Saturday, November 27, 2010

thorny mysteries

Yesterday morning there was a sheen of ice on branches & twigs. So soon?



By the time I dragged myself out of bed, it was already melting.  Today, it’s snowing. Snowing! 




See the layer of snow resting on the surface of the pond? Ugh. Ugh, ugh, ugh. I can’t really complain – we’ve had it easy, so far, with temps in the 50’s on a regular basis.

You wouldn’t know that by listening to the cats, though.


This morning, I had barely sat down for a minute before they were both heading toward me. Kevin had started up the woodstove, but the floor in front of it – their usual afternoon spot – was not yet sufficiently warm. I would have to do, as an alternative. I have cropped this photo rather than risk revealing what I look like when I first wake up.

Speaking of things which are prickly in the morning, let’s move on to today’s project: unraveling the riddle of things with thorns.

This is probably Rubus allegheniensis  or common blackberry. Note that the twigs are not round in cross-section. It could also be R. canadensis, but who knows. I can’t tell. Either way: tasty.




Next up: Rubus occidentalis – black raspberry. Note the blue-ish cast to surface – these almost look purple from a few feet away.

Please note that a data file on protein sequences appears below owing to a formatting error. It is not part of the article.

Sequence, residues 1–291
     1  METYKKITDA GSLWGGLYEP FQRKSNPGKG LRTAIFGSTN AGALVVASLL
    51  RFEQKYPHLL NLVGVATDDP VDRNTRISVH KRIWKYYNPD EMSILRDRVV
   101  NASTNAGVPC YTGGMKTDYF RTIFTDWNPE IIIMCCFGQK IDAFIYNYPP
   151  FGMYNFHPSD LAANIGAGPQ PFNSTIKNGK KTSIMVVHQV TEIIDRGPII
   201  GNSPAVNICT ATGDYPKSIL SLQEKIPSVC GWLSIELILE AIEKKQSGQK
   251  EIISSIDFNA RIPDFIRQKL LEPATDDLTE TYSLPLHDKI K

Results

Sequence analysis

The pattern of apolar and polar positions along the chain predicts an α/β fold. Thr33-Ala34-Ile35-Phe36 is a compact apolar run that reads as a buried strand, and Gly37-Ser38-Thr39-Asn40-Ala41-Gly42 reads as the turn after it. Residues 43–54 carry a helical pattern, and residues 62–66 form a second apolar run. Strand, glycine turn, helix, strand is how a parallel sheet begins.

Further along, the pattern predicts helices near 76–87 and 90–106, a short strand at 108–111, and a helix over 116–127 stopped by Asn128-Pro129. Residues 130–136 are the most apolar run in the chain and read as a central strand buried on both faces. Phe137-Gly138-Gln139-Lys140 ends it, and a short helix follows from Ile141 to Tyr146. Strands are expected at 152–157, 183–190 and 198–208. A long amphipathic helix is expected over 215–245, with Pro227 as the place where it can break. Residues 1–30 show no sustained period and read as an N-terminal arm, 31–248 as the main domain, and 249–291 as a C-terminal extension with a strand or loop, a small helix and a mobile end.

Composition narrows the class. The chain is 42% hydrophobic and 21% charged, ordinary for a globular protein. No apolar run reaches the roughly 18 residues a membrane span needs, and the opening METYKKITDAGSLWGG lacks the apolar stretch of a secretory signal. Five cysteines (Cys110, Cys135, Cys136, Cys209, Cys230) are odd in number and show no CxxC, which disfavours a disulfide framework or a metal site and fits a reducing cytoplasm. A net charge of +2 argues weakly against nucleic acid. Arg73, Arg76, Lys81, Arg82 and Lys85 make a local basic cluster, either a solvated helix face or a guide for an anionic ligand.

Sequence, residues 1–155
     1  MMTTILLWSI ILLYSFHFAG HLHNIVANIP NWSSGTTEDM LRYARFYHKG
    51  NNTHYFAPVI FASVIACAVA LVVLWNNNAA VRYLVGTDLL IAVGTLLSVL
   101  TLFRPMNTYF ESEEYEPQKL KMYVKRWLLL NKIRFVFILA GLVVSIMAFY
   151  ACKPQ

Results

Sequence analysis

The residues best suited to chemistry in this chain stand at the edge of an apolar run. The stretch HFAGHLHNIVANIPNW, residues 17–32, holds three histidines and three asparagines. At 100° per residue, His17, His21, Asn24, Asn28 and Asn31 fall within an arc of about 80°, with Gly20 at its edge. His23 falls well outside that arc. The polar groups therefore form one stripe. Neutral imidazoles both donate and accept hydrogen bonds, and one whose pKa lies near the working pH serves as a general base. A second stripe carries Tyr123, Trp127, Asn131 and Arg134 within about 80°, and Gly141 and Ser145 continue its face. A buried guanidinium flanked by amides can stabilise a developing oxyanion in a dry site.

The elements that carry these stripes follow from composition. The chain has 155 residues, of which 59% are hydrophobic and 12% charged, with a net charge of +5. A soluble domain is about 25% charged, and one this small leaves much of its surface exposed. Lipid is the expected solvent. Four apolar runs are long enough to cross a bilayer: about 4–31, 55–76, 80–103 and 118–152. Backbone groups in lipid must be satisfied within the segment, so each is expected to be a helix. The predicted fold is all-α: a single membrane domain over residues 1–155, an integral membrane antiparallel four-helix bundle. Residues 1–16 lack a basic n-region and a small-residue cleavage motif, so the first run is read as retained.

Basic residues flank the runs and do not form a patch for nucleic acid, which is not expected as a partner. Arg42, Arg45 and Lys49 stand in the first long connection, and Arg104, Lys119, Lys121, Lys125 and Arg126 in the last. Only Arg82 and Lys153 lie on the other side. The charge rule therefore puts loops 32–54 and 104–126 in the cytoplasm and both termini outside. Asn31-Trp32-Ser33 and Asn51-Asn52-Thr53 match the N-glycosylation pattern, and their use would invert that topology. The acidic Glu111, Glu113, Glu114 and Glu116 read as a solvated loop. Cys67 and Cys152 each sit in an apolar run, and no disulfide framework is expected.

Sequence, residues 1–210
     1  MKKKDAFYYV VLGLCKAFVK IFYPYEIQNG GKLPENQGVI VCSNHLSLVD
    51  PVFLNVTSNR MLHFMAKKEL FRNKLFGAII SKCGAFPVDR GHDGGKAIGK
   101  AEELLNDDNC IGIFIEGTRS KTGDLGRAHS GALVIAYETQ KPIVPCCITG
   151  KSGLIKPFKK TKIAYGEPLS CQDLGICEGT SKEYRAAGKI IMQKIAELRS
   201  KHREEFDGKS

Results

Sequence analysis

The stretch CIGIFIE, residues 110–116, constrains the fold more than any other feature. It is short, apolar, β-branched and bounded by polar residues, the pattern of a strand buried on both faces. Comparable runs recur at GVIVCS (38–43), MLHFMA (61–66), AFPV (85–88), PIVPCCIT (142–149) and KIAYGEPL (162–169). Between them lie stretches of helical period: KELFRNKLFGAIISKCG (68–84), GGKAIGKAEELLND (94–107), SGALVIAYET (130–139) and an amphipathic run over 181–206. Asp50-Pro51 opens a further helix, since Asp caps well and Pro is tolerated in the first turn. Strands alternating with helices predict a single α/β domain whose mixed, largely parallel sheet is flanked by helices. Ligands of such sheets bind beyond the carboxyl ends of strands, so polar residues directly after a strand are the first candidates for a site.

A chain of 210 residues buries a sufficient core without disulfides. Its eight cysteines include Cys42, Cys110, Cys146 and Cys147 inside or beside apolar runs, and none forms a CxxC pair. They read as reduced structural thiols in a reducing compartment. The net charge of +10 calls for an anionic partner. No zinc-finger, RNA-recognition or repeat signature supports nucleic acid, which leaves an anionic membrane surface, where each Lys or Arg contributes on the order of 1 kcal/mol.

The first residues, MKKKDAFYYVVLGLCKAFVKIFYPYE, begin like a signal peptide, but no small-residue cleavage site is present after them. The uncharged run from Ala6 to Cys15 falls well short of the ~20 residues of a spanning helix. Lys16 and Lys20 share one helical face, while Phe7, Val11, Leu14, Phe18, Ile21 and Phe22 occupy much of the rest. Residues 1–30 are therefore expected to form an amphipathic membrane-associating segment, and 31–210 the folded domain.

Next we have purple-flowering raspberry – Rubus odoratus. Remember my crisis of mid-identification, when I completely botched keying this out?


At any rate, these guys have the purple flowers, and completely different leaves (hence, the mis-identification travesty, which became only obvious when those pretty flowers turned into tasty raspberries.) And, bless their little hearts, they only have bristles, not screamingly mean thorns, like everybody else around.

And finally, somebody else entirely: Rosa multiflora. These guys put out white flowers that smell heavenly.



And here are their wee little rosehips:




And now, for some late-afternoon sky stuff:


Random young birch – both gray and yellow – probably a bunch of ash, there’s an apple in there somewhere, and presumably a slew of young red and sugar maple, plus throw in some poplar for good measure. I should know – this is right where we park our cars.


These are black locusts.


This is that butternut (Juglans cinerea) with the really cute buds.


  1. Hey sarah! I have a question for you about a thorny mystery i came across lately.
    My mom likes to plant weird stuff and lately she bought a plant from a nursery that had a name tag: Spanish Bean variegated.

    A day after she planted it, she started having fever and lymphadenitis (inflammation of the lymph nodes, most commonly around the neck).
    apparently, she accidentally pricked her finger more than once with the thorny leaves and stalk of this plant.

    so my question is, do you know of any plant or flower which has a stalk very similar to the Rubus odoratus picture you have there, with purpule buds and furry/thorny leaves, and is known for causing allergic reactions or poisoning?


  2. Hey Rodom - sorry I can't access your profile to email you - I hope you see this - quick answer? I don't know! Good luck!